I’ve been practicing law for almost 13 years now, and by last year, I had allowed all of my other interests to fall by the wayside. We dropped our theater subscription when Junior (our second child) was born, and around the same time I dropped off the board of the small theater company I had been involved with. I haven’t taken a French class since 1997. By the fall of 2006, I had even stopped watching television. When Mrs. Unfocused had trouble sleeping, I would tell her about my day. I had conversations at parties and bored myself.

Great — now I sound like Rodney Dangerfield.

The point is, I had gotten into a mental rut. During the week, I went to work, came home, had dinner with the family if I got home early enough, helped put the kids to bed, then worked for another three hours. I might go for a run or go to the gym, but that was about it. Finally, I got to the end of the year and found that I had the luxury of taking some time at home; I would still have to work a few hours each day, but I could manage it so that I wouldn’t have to come in at all.

I took the opportunity, and in that time I started this blog. It was partly the result of a November visit from an old college friend, who suggested that the Mrs. and I start a blog together (we’re still talking about a joint blog, but she has had other projects on her mind), partly the Mrs. telling me to just go ahead and do it, and partly my own attempt to start writing again for pleasure. I needed to engage the creative part of my brain again, if only to convince myself that I was not as dull as I was beginning to think I was.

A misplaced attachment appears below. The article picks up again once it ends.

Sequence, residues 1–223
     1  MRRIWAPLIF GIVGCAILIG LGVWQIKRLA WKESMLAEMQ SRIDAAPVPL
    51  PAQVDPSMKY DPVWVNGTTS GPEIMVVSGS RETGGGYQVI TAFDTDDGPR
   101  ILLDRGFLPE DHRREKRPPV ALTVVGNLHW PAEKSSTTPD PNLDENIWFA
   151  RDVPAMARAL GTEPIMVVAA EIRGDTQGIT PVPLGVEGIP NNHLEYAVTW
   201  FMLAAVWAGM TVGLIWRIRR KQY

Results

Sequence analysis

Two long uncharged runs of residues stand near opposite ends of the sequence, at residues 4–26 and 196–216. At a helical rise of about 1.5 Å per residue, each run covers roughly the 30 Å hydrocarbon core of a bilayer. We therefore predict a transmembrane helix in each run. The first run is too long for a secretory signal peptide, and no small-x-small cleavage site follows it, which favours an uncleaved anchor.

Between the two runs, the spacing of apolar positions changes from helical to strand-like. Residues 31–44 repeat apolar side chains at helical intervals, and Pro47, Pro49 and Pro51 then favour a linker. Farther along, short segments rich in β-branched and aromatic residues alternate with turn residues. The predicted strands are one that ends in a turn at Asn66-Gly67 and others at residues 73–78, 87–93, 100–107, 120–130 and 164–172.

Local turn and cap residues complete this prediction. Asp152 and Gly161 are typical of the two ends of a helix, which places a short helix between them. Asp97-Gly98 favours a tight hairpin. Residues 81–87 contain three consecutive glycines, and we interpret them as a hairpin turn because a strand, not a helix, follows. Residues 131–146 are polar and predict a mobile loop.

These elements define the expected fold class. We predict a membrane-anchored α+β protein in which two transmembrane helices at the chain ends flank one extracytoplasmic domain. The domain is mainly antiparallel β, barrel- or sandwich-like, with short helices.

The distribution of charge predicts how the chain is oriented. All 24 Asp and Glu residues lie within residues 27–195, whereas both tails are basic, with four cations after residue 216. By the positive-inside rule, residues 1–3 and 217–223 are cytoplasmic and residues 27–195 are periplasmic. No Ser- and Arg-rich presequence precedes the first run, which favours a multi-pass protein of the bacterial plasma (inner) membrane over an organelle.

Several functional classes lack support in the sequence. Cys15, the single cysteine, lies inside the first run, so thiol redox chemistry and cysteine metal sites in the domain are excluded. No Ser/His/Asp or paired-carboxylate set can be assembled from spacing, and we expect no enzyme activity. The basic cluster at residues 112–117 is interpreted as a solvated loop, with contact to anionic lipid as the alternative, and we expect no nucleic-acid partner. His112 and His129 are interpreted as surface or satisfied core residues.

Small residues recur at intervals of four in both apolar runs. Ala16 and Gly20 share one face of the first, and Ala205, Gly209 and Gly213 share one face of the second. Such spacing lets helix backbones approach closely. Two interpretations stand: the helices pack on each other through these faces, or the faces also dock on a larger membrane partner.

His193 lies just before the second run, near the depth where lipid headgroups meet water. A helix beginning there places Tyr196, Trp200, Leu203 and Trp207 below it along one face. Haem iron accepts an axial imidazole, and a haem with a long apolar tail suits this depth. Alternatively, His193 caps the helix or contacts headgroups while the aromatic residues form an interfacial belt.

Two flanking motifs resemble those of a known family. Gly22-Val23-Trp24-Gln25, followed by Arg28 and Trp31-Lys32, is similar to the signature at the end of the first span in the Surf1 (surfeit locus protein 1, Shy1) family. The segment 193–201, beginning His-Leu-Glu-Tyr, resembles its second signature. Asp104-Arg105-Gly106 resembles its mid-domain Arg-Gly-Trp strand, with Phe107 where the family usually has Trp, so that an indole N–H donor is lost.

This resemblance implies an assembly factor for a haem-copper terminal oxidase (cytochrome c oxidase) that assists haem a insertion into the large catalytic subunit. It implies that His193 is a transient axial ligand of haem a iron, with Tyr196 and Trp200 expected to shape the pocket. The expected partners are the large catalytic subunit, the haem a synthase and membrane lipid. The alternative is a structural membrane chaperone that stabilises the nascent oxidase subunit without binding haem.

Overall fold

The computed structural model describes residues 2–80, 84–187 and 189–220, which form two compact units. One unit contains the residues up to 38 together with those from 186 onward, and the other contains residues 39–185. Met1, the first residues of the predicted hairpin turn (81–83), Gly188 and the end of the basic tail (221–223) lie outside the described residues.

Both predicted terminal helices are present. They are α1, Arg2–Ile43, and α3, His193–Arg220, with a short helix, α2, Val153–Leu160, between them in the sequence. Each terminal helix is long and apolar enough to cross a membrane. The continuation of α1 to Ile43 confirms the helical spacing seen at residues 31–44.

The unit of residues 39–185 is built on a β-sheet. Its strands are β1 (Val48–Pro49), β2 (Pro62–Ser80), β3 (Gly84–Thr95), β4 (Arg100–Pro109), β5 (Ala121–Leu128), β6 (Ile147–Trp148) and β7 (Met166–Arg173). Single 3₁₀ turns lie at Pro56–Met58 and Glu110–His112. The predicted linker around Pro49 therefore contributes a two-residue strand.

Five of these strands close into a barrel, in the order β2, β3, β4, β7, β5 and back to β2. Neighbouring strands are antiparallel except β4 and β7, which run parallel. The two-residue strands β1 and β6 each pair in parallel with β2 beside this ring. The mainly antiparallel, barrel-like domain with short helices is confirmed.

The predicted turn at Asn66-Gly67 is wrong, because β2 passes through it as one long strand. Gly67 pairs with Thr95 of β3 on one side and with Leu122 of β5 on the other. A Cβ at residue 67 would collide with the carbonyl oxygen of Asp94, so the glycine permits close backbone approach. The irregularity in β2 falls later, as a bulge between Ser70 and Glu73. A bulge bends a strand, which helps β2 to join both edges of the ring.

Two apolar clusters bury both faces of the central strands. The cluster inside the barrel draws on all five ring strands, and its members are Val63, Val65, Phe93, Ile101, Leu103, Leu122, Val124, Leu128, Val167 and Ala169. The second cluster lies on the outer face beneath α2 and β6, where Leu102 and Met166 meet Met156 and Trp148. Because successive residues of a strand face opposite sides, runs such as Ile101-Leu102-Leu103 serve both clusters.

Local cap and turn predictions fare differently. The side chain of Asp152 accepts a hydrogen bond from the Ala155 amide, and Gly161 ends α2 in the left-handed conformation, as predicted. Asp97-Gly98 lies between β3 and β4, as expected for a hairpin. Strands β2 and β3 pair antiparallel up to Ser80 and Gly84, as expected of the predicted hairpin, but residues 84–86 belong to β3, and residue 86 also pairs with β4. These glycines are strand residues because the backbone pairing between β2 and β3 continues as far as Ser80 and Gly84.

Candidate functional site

Creating the blog was relatively easy, and I found that I was perfectly happy to blather on ad nauseum. Lucky you, reader. More importantly, I felt the beginning of that balance I had been looking for, between solving other people’s problems at work and thinking through situations on my own, for no better reason than that I found them interesting.

Then on January 2, after my first day back at work since before Christmas, over a glass of wine with Mrs. Unfocused after the kids had gone to bed, I rattled off a complete synopsis of Meet the Larssons. I started knocking out some notes on the computer, and ending up spending the next several hours writing down the idea, ending up with four or five pages of typed notes and a hand-drawn organizational chart for the structure of the business discussed in the novel.

Since then, I have let the novel and the blog take over whatever free mental space I had. For a while, it was the novel. For the last week or two, the honeymoon has been over for the novel (I’m not done yet? What the hell!), and I’m more obsessed with the blog: how many hits today? any new comments? why is my Technorati authority stuck at 4? I’m sleeping less than I was when all I did was work, because when it was just work, I wanted to put it down and go to sleep. Now, it takes a real effort of will to close the laptop.

As I write this, I can see why it is so easy to get sucked in by the blog, and comparatively hard to work on the novel. It isn’t that the novel is harder to write; on the contrary, the novel is much easier to write than these blog posts. I know where the novel is going and largely how to get there; on the blog, it’s a different topic every day, and most of the time I have no idea what I’m going to write about until I sit down and start typing. No, the reason why the blog is so hard to resist and the novel is so easy to put down is that there is no feedback on the novel. I keep checking my word count (I hit 30K on Friday, on the train home from work) and updating it on the little graphic on the sidebar, because that’s the only way I have to keep score, and frankly, it’s pretty damn unsatisfying. With the blog, I have page views. Comments. Mrs. Unfocused even reads it, and I can ask her to give me comments on posts before I publish them, which is handy. But I would be uncomfortable showing anyone the incomplete pile of mush that Meet the Larssons is now. So there’s no feedback, no reward. My little lizard brain likes rewards, and it doesn’t think very far ahead. Maybe I need to promise myself a new toy when I hit 50K words, just to give myself something to work towards.